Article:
The wifey and I recently moved into a house so now I have a garage to work out of. Yay! This means starting to performing basic maintenance on the 4Runner myself rather than paying a dealership or other tech to do it. I grew up working with my hands - so I’m very excited to put some love into the 4Runner. Though I just met a mobile mechanic whom I like so I may have him do some of the nitty gritty stuff I’m unable to do.
Anyway, one item I know dealerships fail to check-off is lubricating the propeller shaft. What’s the propeller shaft? Well… it’s your drive shaft, which delivers torque from your transmission to the rear differential (when in 2HI) and front differential (when in 4HI or 4LO). I’ve taken my 4Runner in for service at least 3 or 4 times since purchase and at no time did the service department add a line item to lubricate the drive shaft.
It’s actually really easy to lube the drive shaft. In total there are six greasable zerk fittings:
Front drive shaft:
One slide yoke zerk
Two spider joint zerks
Rear drive shaft:
One slide yoke zerk
Two spider joint zerks
I found online there is some discrepancy on the type of grease to use in each type of fitting. I checked my manual and it said the spiders need to be greased with Lithium base chassis grease, NLGI No.2. The slide yoke says it should be greased with Molybdenum-disulfide lithium base chassis grease, NGLI No. 2 OR Lithium base chassis grease, NLGI No.2. This all being said, I decided to use Lithium base chassis grease, NGLI No.2 so I’d only need to carry one grease gun and not two. After some research I decided to use Sta-Lube “Moly” Graph Lithium Grease. The cheapest place I found to get this is at Harbor Freight (not Amazon)… As always, I encourage you to do your own research before committing to a grease.
Tools I used include:
LockNLube Grease coupler (not necessary, but makes it easy to lock on/remove coupler from zerk fitting)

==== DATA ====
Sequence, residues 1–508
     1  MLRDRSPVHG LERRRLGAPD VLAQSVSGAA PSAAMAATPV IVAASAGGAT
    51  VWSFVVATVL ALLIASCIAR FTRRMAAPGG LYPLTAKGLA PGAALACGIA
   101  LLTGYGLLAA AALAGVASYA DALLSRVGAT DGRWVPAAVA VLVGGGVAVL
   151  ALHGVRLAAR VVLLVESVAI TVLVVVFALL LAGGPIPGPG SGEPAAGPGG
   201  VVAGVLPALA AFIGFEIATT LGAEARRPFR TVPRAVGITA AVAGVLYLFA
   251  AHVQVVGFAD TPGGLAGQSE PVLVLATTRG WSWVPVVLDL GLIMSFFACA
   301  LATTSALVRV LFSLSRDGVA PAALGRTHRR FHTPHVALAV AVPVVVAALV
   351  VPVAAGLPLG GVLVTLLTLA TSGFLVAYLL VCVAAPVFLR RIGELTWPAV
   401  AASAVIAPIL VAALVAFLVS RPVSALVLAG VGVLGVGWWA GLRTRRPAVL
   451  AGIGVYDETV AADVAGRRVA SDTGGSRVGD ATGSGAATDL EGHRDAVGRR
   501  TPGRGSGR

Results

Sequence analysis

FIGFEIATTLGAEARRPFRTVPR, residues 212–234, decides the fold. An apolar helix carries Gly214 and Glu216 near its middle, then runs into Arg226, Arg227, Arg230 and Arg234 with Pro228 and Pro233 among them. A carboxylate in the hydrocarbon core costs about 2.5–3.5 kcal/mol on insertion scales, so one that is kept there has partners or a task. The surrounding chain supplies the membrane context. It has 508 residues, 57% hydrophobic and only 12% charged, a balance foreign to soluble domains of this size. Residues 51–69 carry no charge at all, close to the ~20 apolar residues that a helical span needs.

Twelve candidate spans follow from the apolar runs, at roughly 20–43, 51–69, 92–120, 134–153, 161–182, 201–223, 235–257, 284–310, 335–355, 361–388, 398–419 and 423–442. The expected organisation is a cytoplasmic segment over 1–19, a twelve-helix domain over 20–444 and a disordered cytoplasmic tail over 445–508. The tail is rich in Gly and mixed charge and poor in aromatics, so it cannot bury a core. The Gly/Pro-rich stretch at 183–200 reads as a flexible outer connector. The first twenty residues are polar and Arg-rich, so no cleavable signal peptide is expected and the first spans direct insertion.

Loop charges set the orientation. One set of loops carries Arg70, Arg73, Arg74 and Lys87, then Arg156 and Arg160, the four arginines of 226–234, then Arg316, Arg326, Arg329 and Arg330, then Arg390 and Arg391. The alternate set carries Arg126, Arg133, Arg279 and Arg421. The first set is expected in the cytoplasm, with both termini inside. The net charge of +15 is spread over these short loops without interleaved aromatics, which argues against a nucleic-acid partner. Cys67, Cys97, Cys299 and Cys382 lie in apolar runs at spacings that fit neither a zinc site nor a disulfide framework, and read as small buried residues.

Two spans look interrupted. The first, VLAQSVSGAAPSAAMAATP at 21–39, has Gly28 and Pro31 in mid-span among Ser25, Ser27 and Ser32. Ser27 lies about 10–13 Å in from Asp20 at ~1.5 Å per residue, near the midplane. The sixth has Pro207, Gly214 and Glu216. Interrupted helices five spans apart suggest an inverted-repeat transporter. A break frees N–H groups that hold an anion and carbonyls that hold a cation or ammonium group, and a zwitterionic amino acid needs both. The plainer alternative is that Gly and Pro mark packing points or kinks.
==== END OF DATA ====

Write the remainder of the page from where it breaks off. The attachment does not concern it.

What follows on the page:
The spider joints only need enough grease to purge old grease/debris from the joints. If they haven’t been greased for a while, there will be audible “pops” as the new grease pushes out dry junk from the spider joints..
The slide yoke should not be overgreased. Very little grease is expelled from the slide yoke as it moves back in forth during operation. Overgreasing the slide yoke will cause it to hydrolock and not be able to compress (no bueno). While I shoved a good 4-5 pumps into the spiders, I only pumped 2-3 times into the slide yoke. If you accidentally overgrease your slide yoke, you can remove the zerk fitting, push up and down on the front and rear bumper of the vehicle, and that should let some of the excess grease out. Be sure to re-install the zerk fitting before driving off!
It was very easy to roll under the 4Runner after the Bilstein 6112/5160 lift (haven’t posted this yet). The front drive shaft can be rotated as long as the vehicle is not in 4WD, since the front differential is not engaged. The spider joint and slide yoke zerks towards the rear of the vehicle are partially obstructed by a metal guard. However, it’s easy enough to reach around the guard to grease the zerks with the whip hose.
The rear drive shaft was a little harder. Since the rear differential is engaged, you cannot manually rotate the drive shaft by hand like the front drive shaft. If the zerks are not accessible, you will need to start the vehicle and move it forward or backward by 1-2 feet for the drive shaft to rotate in a favorable direction.
Be sure to clean the zerks before pumping grease, and wipe up excess grease expelled through the spider joints. If you don’t wipe up excess grease, it’ll just fling all over the place the next time you drive somewhere.
Some photos below.
Rear drive shaft shown below. Remember - this drive shaft does not rotate. Top two photos are forward portion of drive shaft (slide yoke and spider joint zerks) while bottom two photos are rear portion of drive shaft (spider joint zerk only).
Front drive shaft shown below. Remember - this drive shaft can rotate. Top two photos are forward portion of drive shaft (spider joint zerk only) while bottom two photos are rear portion of drive shaft (slide yoke and spider joint zerks).